After Your Breast Implant Cancer Diagnosis
If you or a loved one has been diagnosed with breast implant-associated anaplastic large cell lymphoma (BIA-ALCL), you can usually expect a good prognosis. The overall survival rate for patients diagnosed with BIA-ALCL is 89 percent. This means that 89 percent of patients survive longer than five years.
The rate is significantly higher for patients with stage I BIA-ALCL. These women have high chances of living long-term progression-free. When caught early, the disease is highly treatable. It all hinges on whether you receive timely and appropriate treatment.
In most cases, treatment for BIA-ALCL involves minimally invasive surgical methods.
The type of treatment you receive depends on:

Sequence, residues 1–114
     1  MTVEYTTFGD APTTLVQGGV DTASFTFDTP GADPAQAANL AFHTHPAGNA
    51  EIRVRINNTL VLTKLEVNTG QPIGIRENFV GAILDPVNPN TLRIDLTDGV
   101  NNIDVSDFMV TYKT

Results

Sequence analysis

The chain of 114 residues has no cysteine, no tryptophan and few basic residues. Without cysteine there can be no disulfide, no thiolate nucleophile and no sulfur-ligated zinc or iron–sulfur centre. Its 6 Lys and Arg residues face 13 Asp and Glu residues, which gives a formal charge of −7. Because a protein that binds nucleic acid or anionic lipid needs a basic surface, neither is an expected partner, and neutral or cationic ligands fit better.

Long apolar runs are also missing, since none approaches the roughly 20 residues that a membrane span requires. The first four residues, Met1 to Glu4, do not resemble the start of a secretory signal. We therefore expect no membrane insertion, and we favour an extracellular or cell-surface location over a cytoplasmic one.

- The type and location of BIA-ALCL
- The type of breast implant
- The stage and progression of the cancer
- Your age and general health
ALCL breast implant treatment also depends on the results of various follow-up tests.
After your doctor has confirmed you have BIA-ALCL, they might recommend:
- Routine blood work to check for any other health issues
- Pregnancy testing, as cancer treatments can harm a fetus
- A bone marrow biopsy in rare cases of suspected metastasis (cancer spread)
- A PET scan, another test for metastasis
From the results of these tests, your doctor will work with you to develop a customized plan for removing the cancer and relieving your symptoms. In most cases, surgery alone is enough to treat BIA-ALCL. Additional therapies, such as chemotherapy or radiation, come into play when the cancer is unusually difficult to treat.
Let’s start with what you can expect from breast implant cancer surgery.
Surgery for Breast Implant Cancer
In rare cases when the cancer spreads, women might undergo a lymph node dissection to remove lymph nodes. However, for most patients, BIA-ALCL is localized and classified as stage I. The first step to successful recovery in these cases is explant surgery.